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Amanda K. Riske, Catherine E. Cullicott, Amanda Mohammad Mirzaei, Amanda Jansen, and James Middleton

We introduce the Into Math Graph tool, which students use to graph how “into" mathematics they are over time. Using this tool can help teachers foster conversations with students and design experiences that focus on engagement from the student’s perspective.

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Micah S. Stohlmann

An escape room can be a great way for students to apply and practice mathematics they have learned. This article describes the development and implementation of a mathematical escape room with important principles to incorporate in escape rooms to help students persevere in problem solving.

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Kelly Hagan and Cheng-Yao Lin

April 2020's GPS department provides tasks for each grade band that invite students to reason with age-appropriate number theoretic concepts.

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Erin E. Baldinger, Matthew P. Campbell, and Foster Graif

Students need opportunities to construct definitions in mathematics. We describe a sorting activity that can help students construct and refine definitions through discussion and argumentation. We include examples from our own work of planning and implementing this sorting activity to support constructing a definition of linear function.

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Rebecca Vinsonhaler and Alison G. Lynch

This article focuses on students use and understanding of counterexamples and is part of a research project on the role of examples in proving. We share student interviews and offer suggestions for how teachers can support student reasoning and thinking and promote productive struggle by incorporating counterexamples into the classroom.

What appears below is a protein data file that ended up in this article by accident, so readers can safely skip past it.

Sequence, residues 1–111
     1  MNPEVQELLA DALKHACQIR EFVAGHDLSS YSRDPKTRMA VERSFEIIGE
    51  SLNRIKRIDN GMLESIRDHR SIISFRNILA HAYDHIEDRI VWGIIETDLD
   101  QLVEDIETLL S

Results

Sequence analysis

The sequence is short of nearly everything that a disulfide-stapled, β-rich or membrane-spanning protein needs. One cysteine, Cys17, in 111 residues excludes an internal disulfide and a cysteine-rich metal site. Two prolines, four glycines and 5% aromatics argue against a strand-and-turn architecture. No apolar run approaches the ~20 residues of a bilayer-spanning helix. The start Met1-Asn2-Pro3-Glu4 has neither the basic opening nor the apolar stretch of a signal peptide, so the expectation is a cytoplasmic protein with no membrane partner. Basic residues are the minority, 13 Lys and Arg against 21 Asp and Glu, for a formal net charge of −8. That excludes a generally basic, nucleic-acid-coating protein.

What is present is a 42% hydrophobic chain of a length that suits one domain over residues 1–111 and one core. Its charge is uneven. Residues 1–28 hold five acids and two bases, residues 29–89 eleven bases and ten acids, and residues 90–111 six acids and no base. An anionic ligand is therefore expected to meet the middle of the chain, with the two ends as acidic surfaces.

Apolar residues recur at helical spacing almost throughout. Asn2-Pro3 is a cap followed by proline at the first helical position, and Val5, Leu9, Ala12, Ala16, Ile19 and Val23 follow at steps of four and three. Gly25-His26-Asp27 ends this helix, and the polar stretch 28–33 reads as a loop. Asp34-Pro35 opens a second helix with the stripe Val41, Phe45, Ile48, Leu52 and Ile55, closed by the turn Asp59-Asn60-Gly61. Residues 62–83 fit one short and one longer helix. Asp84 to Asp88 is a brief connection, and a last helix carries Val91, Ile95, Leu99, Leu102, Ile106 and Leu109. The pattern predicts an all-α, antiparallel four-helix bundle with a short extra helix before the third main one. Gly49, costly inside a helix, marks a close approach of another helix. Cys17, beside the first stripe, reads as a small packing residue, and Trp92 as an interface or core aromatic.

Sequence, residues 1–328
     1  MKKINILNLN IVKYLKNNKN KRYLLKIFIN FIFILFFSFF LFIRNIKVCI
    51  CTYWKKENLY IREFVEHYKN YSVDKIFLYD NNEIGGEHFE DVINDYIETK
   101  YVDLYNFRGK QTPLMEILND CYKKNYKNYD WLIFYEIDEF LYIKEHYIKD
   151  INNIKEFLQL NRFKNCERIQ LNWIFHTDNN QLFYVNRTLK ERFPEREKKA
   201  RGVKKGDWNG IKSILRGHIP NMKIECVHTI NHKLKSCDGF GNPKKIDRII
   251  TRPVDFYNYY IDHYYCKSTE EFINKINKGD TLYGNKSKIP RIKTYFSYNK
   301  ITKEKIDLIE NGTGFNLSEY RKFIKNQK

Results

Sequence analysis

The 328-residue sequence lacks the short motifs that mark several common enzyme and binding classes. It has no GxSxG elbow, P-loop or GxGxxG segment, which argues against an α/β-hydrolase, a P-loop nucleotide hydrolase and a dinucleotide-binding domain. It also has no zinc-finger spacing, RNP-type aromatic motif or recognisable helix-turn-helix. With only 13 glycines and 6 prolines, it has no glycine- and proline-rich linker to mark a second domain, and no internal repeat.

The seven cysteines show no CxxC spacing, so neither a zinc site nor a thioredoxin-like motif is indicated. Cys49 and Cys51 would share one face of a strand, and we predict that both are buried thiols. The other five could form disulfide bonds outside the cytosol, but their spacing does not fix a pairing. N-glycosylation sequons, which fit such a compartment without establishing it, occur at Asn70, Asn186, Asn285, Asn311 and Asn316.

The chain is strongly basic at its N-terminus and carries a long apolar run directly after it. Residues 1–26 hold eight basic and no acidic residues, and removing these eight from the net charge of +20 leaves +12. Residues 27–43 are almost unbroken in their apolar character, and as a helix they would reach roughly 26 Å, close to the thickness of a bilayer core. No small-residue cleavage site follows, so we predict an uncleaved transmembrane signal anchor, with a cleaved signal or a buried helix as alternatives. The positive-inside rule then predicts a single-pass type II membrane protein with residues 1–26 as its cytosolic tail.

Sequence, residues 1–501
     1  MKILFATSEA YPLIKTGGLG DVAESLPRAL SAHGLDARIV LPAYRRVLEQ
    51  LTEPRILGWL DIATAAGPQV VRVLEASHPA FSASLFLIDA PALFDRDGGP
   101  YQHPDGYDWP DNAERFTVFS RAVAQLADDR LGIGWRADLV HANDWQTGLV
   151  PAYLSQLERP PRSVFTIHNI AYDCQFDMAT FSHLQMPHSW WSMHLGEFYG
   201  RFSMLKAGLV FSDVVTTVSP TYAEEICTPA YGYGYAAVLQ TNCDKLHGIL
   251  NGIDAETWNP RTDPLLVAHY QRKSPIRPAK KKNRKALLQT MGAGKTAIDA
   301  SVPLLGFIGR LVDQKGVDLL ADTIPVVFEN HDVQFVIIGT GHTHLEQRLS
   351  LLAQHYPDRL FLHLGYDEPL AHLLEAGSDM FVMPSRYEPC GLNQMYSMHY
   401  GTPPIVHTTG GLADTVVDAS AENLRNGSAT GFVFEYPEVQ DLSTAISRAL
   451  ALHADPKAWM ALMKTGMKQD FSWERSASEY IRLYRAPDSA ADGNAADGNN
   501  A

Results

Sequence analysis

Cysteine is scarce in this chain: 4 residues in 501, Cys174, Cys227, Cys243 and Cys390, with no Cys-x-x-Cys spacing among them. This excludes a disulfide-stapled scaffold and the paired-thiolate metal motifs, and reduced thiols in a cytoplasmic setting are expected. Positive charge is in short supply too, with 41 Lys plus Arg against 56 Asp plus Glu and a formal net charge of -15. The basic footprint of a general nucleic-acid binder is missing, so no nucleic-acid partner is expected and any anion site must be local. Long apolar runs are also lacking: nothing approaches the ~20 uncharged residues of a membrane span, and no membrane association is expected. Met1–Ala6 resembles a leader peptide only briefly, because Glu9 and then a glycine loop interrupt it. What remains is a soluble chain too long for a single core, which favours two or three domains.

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Leigh Haltiwanger, Robert M. Horton, and Brooke Lance

Making mathematics meaningful is a challenge that all math teachers endeavor to meet. As math teachers, we spend countless hours crafting problems that will energize students and help them connect mathematical topics to their everyday lives. Being successful in our efforts requires that we allow students to explore ideas before we provide explanations and demands that we ask questions to promote a depth of thinking and reasoning that would not occur without such probing (Marshall and Horton 2009).

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Joel Amidon and Matt Roscoe

A monthly set of problems is aimed at a variety of ability levels.

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Signe E. Kastberg, Beatriz S. D'Ambrosio, Kathleen Lynch-Davis, Alexia Mintos, and Kathryn Krawczyk

A Cherry Syrup problem can build links between ratio and graphing.

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Joel Amidon and Matt Roscoe

A monthly set of problems is aimed at a variety of ability levels.

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Jennifer Suh and Padmanabhan Seshaiyer

Skills that students will need in the twenty-first century, such as financial literacy, are explored in this classroom-centered research article.